Despite improvements in cancer mortality in the past two decades, significant disparities persist among racial, ethnic, and socioeconomic status (SES) subpopulations. Housing has been identified as an important social determinant for health disparities in general and cancer-related disparities specifically. Public housing (PH) assistance aims to improve housing affordability and quality for the lowest-SES households. Thus, PH represents an intervention to improve housing as a social determinant of health. However, few studies have examined the effects of living in PH on health-related outcomes. Additionally, several researchers have proposed pathways through which PH influences health but have not tested them empirically. The proposed study will use data collected from 1999-2013 in the Panel Study of Income Dynamics (PSID) to estimate the effect of living in PH on four leading modifiable risk factors for cancer (smoking, alcohol use, physical inactivity, and overweight/obesity) in adults <62 years of age. The PSID offers a unique opportunity to examine the effects of PH because it is a nationally representative, longitudinal survey with a wide range of demographic, household, housing, economic, employment, social, and health variables;neighborhood-level variables will also be linked using geocodes. The treatment group will include only respondents who move into PH during the study period (expected n=550). The comparison group will be limited to renters who are income-eligible for PH (expected n=1650). We will apply propensity score methods to the rich set of baseline characteristics available in the PSID to help control for selection bias inherent in observational data. Inverse probability of treatment weights will be calculated from estimated propensity scores and used in logistic regression models to estimate average treatment effects for each risk factor at 2, 4, and 6 years after baseline. Multiple mediation models will be developed to examine the extent to which PH influences modifiable cancer risk factors through individual-level mediators (e.g., non-housing income, stress, residential stability) and neighborhood-level mediators (e.g., neighborhood SES, access to supermarkets, walkability). Study results will be used to help clarify whether living in PH improves or worsens modifiable risk factors for cancer. Importantly, information obtained about pathways through which these effects occur can inform future housing and public health research, practice, and policy.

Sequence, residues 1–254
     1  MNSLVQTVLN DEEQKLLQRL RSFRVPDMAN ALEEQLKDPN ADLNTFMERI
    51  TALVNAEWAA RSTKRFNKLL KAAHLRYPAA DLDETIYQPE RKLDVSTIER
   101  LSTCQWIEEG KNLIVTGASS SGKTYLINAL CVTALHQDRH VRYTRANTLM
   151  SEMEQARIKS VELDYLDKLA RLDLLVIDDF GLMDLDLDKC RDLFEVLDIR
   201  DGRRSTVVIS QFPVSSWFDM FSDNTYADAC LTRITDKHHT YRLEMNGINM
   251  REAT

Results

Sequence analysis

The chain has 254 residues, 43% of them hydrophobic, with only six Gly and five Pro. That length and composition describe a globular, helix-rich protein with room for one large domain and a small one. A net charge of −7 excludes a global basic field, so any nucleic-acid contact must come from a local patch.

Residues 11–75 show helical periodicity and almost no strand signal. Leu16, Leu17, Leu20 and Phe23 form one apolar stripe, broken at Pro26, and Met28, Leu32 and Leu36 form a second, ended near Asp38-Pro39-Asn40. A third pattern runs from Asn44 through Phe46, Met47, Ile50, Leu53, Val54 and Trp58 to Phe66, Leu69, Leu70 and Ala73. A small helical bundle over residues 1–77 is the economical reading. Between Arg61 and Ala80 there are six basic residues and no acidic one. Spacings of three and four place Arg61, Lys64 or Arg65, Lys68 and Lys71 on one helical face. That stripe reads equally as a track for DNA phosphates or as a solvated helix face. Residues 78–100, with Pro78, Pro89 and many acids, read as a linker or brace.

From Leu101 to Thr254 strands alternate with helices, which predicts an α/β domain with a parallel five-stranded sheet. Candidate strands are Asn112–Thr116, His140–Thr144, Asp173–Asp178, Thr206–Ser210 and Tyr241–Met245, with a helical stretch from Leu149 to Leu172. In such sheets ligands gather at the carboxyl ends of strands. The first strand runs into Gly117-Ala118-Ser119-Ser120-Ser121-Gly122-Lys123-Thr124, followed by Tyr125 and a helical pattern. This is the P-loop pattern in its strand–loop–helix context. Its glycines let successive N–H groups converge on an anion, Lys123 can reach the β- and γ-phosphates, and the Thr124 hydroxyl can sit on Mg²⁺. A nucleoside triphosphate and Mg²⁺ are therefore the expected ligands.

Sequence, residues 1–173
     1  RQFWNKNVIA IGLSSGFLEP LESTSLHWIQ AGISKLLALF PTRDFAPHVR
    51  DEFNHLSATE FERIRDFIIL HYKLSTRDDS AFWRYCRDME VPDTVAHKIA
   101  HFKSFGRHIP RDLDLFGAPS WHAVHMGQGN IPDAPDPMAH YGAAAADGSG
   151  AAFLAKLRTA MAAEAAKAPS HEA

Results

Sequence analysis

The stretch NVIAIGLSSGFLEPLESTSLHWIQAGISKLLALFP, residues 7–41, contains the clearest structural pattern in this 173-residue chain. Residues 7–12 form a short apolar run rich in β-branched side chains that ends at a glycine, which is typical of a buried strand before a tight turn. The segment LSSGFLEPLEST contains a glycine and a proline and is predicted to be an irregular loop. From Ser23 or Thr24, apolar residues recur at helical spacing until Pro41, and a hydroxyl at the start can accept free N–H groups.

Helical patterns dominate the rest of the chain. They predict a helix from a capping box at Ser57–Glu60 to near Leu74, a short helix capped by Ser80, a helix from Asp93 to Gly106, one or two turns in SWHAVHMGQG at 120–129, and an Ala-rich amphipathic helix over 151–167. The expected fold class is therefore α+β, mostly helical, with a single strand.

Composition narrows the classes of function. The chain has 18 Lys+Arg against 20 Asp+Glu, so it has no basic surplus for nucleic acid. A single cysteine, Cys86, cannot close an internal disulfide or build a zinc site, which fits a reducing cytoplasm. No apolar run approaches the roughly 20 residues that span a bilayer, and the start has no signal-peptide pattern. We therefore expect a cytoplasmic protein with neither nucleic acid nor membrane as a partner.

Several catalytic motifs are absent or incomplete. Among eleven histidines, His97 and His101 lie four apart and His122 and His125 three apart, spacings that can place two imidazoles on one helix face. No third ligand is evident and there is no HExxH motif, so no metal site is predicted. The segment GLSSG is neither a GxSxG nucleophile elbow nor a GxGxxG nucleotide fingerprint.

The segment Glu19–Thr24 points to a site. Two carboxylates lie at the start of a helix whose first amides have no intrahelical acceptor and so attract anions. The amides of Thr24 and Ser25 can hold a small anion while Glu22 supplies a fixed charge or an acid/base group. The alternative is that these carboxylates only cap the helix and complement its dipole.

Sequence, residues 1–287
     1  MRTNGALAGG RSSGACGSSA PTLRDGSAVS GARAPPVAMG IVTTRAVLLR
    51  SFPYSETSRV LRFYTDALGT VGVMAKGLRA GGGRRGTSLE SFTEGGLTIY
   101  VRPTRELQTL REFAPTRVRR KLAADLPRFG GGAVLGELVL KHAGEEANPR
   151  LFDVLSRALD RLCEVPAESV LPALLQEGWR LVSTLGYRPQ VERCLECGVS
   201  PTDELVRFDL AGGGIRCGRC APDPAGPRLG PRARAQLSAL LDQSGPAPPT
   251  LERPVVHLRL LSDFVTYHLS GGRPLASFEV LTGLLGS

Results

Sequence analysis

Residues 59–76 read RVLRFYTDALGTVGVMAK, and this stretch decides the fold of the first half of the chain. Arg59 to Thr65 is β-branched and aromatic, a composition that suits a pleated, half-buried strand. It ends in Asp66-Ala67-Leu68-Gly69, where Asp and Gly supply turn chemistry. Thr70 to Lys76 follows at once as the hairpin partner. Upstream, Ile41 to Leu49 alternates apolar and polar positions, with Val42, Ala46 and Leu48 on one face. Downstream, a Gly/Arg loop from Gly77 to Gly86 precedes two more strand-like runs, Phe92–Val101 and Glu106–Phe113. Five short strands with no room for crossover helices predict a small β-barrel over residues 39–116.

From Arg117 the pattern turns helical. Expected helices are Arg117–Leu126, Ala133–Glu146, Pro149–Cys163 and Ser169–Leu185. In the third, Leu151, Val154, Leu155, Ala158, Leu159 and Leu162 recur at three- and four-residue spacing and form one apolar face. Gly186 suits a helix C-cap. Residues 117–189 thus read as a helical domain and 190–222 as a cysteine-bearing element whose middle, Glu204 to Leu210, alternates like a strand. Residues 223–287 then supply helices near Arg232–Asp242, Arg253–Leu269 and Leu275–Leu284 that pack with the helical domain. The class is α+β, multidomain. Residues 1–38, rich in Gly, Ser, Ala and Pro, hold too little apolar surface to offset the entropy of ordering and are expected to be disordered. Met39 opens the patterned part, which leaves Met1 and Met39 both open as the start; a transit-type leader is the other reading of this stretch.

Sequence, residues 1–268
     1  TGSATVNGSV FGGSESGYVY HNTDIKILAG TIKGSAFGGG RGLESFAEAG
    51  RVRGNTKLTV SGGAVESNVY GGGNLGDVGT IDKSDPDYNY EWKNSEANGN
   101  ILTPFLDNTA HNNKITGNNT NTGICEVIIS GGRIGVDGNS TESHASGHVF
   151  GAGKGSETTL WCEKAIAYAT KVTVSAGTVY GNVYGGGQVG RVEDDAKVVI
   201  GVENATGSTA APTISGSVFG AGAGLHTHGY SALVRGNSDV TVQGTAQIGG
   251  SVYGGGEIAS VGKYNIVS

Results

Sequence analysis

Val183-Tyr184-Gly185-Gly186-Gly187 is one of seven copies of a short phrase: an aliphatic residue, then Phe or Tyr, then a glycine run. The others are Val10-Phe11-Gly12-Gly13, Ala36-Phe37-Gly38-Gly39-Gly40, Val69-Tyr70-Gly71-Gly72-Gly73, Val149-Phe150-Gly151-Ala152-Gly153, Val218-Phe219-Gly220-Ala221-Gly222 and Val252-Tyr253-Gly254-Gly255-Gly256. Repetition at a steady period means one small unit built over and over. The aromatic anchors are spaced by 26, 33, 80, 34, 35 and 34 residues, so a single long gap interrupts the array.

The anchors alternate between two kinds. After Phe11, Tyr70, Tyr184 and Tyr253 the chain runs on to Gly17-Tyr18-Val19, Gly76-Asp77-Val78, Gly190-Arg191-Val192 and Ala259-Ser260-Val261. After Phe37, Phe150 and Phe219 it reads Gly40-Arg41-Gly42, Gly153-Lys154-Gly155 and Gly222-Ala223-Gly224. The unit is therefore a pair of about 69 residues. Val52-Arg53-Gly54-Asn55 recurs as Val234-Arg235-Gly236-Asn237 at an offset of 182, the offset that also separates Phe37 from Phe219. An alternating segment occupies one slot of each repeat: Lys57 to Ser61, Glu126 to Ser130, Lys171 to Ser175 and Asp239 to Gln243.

Living in public housing, in which the government pays part of the rent and ensures minimum health and safety standards, may improve health behaviors for very low income adults. The current study will use data from an existing large, nationally representative survey to test whether living in public housing improves several health behaviors that increase one's chance of getting cancer. We will also try to understand the pathways through which public housing influences these behaviors in order to improve health promotion programs and housing policies.